Japan’s Colopl adds popular restaurant sim game to its platform



Back in July, we wrote about Japan’s Colopl and its geolocation conquest game Keitai Kunitori Gassen. And now just recently, Colopl has announced the release of Enish’s Boku-no-restaurant II (meaning ‘My restaurant’ in Japanese) on its platform.

Boku-no-restaurant is a simulation geo-location game where users open up a restaurant and aspire to make it into a first-class establishment. You can cook a variety of (virtual) food, such as Japanese, French, or Chinese cuisine, or even sweets. The game works just as if you were opening a restaurant in real life. It’s about creating unique menus, promoting the restaurant, and working to increase sales. There are mini games that allows users to enhance their experience points to make their restaurants more popular.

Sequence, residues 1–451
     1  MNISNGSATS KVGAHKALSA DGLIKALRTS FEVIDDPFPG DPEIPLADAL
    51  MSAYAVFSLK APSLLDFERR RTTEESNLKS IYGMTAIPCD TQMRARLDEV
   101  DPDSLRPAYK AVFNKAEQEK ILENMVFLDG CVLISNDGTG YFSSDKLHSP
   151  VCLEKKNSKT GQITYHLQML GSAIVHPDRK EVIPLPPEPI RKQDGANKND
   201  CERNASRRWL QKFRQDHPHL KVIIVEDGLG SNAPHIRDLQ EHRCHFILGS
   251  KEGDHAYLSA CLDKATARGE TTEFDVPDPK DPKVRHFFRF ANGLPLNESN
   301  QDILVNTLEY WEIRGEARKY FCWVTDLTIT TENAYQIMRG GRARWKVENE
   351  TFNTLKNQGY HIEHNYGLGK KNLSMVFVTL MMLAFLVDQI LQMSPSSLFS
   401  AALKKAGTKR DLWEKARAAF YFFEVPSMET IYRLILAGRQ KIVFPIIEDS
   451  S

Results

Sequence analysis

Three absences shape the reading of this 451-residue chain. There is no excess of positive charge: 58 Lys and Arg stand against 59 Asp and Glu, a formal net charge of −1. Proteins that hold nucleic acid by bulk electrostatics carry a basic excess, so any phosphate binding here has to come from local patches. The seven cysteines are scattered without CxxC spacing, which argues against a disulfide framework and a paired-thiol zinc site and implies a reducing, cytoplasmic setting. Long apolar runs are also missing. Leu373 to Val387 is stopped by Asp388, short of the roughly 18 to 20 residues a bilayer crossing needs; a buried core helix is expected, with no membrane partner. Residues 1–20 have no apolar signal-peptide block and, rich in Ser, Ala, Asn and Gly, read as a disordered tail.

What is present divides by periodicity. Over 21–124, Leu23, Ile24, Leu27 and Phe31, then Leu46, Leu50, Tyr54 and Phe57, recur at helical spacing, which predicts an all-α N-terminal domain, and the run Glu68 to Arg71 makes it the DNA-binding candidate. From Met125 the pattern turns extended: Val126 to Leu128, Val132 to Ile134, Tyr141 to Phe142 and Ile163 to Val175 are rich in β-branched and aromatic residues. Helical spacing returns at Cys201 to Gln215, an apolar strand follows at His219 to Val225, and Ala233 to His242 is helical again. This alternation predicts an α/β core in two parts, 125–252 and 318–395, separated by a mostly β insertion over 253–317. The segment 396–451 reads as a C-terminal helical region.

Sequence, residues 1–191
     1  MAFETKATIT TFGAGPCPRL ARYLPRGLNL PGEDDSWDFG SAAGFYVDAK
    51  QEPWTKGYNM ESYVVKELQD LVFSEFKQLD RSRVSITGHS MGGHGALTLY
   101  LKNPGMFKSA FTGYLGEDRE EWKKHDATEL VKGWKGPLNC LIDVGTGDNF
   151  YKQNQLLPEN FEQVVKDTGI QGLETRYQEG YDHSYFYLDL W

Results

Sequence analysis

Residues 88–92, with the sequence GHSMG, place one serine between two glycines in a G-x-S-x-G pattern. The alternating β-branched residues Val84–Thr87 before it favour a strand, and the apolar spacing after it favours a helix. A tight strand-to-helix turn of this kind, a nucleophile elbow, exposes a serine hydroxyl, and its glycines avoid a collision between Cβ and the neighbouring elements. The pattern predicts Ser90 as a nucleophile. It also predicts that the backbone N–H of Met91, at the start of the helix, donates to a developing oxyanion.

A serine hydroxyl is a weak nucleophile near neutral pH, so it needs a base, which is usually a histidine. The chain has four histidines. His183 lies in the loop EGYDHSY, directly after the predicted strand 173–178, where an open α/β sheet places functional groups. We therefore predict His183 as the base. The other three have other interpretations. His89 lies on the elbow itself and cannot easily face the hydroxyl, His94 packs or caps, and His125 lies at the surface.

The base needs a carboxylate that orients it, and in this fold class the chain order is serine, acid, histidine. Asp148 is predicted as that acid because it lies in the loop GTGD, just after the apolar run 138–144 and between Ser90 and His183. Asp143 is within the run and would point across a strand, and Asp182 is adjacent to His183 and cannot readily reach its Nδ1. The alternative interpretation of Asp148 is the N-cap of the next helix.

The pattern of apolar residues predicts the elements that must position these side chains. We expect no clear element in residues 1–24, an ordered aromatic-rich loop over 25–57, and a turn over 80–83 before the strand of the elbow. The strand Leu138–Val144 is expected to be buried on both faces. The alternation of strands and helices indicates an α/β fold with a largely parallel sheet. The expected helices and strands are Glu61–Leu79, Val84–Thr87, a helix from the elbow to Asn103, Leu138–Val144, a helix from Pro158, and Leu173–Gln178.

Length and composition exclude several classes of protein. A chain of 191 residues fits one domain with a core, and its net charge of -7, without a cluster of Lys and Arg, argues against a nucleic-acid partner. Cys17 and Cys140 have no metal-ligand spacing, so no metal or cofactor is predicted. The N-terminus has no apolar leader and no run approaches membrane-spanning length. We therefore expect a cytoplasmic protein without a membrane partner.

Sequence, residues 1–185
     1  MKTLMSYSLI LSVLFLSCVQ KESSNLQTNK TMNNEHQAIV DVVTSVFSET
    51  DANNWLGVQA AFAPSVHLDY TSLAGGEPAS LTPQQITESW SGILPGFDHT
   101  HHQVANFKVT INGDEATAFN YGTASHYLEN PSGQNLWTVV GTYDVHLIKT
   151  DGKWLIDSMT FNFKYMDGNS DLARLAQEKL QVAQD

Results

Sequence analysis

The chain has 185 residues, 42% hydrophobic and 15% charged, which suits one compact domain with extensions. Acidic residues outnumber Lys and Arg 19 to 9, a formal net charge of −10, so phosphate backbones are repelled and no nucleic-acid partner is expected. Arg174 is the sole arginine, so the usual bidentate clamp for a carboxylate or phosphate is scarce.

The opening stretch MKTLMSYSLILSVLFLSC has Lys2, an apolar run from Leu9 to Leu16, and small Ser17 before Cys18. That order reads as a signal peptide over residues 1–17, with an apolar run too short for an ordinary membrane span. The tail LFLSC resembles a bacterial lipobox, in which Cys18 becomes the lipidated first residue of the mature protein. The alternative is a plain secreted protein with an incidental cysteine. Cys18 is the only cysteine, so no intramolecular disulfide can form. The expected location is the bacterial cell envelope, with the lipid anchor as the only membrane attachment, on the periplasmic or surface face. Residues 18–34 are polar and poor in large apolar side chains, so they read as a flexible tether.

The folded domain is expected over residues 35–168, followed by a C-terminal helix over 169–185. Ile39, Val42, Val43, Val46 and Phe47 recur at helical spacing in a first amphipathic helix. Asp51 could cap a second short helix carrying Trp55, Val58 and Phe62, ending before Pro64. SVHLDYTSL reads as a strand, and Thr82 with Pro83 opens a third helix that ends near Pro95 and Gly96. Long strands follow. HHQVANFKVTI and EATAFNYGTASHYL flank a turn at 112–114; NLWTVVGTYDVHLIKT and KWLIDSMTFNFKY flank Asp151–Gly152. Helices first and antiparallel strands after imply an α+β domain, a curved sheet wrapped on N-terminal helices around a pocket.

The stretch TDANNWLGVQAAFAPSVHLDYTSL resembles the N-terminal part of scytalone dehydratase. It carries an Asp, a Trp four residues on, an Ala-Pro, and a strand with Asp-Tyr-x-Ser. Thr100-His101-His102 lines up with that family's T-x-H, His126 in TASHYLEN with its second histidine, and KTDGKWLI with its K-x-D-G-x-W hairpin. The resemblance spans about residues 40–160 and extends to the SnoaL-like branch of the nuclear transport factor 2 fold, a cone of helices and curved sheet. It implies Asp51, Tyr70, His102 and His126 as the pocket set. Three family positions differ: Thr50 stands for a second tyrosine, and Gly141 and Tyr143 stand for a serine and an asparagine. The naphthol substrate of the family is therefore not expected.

Because there are tips in the game that let users learn about food and restaurants (such as the origin of a certain menu item or details about the ingredients) the game can be pretty educational. There are collaborative features too, where people can help each to cook better food, or chat on bulletin boards to share tips.

Initially released back in 2009 by two ex-Yahoo employees, the game is available on all possible platforms including Gree and Mobage, but it was first made available on Mixi. The game acquired over 500,000 users in the two weeks after its release.

The geolocation aspect of the game is called ‘Osanpo Gacha,’ where ‘Osanpo’ means to take a walk in Japanese. By actually traveling some distance and checking in to a new location, users can get special items. In the past, there were O2O campaigns at stores like Gyukaku (a Korean barbecue chain) or Lawson (a major convenience store), by ordering a specific food, users got special cards with a code that let them download special game items.

Boku-no-restaurant can be played on iPhone, Android, as well as feature phones. These geolocation games are a fun way for people to enjoy their everyday life a little more, especially if they have to commuting from their home to the office.